The claimant contends the discovery rule should apply on the basis of our holding in John Deere Motor Works of Deere & Co. v. Meyers, 410 N.W.2d 255, 257 (Iowa 1987). The case is however not in point. In Meyers we applied the discovery rule to a two-year claim filing period in a case involving an occupational hearing loss under Iowa Code chapter 85B. The claimant places great weight on the Meyers holding because we expressly attempted to "harmonize two interrelated statutes, sections 85.26 and 85B.8." Id. at 256. We think it is clear however that section 85 A. 12 will not submit to a similar "harmonizing." For reasons we have explained, it does not set up a claim-filing period. Moreover the sections which this claimant would harmonize are not interrelated. Section 85 A. 12 does not provide a definition of the phrase "date of occurrence" found in section 85.26(1), as does section 85B.8.

The commission correctly refused to apply the discovery rule to the first unnumbered paragraph of Iowa Code section 85 A. 12. The claim for compensation was properly rejected.

III. The district court ordered a remand to the commissioner to "redetermine whether Meyer was disabled from within three years of his last work day continuously until he died." This was because the district court determined that a disability might also be established under an alternative theory under section 85 A. 12 (where death follows continuous disability from the disease, and compensation for the disability has been paid or awarded or a timely claim for the disability has been filed).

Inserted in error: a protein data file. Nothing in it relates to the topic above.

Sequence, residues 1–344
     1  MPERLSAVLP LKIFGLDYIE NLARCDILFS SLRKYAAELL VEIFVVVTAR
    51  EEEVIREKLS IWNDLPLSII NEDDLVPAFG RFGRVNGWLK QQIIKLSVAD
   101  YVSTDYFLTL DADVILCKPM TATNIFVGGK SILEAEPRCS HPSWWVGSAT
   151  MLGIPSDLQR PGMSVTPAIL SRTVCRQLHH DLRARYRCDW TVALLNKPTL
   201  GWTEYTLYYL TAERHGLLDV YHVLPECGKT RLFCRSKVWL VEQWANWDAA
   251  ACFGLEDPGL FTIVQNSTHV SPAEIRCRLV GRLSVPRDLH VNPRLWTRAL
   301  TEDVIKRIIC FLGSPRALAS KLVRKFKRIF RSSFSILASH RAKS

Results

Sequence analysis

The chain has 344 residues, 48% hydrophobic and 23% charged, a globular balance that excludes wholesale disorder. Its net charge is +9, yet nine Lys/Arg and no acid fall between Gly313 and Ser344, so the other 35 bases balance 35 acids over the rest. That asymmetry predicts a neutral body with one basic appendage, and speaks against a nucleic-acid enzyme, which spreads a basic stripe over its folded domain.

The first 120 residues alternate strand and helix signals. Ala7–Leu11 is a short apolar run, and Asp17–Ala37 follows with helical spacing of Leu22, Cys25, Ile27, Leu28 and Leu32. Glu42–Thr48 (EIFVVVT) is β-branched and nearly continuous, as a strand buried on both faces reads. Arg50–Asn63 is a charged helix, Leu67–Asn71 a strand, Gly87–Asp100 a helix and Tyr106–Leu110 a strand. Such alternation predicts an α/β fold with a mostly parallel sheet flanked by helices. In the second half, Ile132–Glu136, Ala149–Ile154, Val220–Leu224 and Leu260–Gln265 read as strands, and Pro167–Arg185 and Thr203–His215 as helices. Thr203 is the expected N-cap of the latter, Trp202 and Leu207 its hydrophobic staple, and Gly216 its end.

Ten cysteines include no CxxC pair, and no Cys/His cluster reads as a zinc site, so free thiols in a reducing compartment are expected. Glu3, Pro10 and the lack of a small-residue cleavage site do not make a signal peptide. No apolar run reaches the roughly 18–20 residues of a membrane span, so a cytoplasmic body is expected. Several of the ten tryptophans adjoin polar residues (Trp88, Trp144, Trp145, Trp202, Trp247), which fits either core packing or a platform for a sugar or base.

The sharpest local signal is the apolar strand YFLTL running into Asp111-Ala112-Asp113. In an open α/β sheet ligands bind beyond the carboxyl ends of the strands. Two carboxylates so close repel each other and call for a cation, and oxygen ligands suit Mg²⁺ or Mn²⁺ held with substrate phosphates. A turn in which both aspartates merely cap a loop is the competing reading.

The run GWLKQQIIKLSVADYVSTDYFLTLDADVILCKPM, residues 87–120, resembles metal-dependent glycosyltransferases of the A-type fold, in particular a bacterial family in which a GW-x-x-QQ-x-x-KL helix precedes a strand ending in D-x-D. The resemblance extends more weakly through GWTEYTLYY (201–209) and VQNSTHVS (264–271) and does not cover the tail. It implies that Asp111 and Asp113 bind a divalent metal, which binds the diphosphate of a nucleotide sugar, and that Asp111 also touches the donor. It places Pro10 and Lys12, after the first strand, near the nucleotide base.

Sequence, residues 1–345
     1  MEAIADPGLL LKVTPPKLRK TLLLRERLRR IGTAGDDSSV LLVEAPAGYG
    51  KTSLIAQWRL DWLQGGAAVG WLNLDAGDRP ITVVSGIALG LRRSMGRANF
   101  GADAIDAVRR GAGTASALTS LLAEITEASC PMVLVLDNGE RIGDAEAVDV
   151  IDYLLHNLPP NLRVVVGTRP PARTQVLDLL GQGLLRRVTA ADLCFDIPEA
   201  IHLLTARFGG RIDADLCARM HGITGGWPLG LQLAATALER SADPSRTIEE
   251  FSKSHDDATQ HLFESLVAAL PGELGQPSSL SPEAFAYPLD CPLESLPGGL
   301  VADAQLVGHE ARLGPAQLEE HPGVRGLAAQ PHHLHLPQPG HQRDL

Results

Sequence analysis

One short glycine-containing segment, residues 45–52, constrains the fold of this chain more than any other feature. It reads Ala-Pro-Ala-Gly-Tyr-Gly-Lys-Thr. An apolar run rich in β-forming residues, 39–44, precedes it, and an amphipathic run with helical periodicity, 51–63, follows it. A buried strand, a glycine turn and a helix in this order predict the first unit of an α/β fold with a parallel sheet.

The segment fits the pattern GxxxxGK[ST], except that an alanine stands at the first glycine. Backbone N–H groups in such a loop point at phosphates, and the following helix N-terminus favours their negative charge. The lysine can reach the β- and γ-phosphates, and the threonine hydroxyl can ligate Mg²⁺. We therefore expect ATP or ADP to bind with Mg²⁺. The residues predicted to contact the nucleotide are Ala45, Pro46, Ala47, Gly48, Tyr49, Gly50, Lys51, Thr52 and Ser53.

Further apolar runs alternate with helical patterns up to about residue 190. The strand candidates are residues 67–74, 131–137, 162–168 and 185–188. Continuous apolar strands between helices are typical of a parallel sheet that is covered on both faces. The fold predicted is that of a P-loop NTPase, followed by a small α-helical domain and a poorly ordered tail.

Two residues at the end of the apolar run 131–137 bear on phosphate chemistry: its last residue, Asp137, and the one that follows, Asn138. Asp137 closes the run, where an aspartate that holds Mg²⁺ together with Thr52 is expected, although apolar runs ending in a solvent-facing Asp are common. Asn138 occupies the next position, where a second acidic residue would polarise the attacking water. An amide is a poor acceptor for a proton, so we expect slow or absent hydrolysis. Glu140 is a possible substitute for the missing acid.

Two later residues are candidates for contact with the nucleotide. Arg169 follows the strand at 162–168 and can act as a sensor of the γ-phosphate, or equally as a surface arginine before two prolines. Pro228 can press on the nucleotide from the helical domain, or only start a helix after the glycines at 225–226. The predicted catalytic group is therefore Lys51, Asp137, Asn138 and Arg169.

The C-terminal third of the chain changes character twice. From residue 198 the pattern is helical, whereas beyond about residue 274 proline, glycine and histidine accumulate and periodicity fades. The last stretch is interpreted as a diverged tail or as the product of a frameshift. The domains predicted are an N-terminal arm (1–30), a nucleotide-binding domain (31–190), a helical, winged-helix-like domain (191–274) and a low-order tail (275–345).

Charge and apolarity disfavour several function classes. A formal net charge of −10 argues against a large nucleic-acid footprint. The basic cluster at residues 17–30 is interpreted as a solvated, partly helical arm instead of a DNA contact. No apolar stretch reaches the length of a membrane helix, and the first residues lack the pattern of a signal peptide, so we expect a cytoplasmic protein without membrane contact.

The remand was unwarranted. No one asserts that a claim, timely or otherwise, was ever filed for such disability. No finding by the commissioner on remand with regard to the question of when Meyer suffered a disability could justify an award. The order for remand is reversed.

IV. Meyer also contends the time constraints of section 85 A. 12, as interpreted by the agency, rendered the section unconstitutional as violative of the equal protection and due process clauses of the fourteenth amendment to the United States Constitution. The equal protection challenge is also grounded in article I section 6 of the Iowa Constitution.

These challenges were properly rejected by the district court. The claimant has not sustained the heavy burden she assumes in such a challenge. See Miller v. Boone County Hosp., 394 N.W.2d 776, 778-79 (Iowa 1986).

She has pointed to nothing which would indicate a denial of due process. As to the *61 equal protection challenge, the legislature could properly determine, on the basis of the repose of stale claims, that only those manifesting themselves within a set time should be viable. See United States v. Kubrick, 444 U.S. 111, 117, 100 S. Ct. 352, 356-57, 62 L. Ed. 2d 259, 266 (1979).



[1] The second unnumbered paragraph of § 85 A. 12 specially provides for disablements or death latently resulting from exposure to x-rays, radium, radioactive substances or machines, or ionizing radiation. There is no claim it is involved in this litigation.

[2] Because the issue is not before us we do not decide whether mesothelioma is a pneumoconiosis.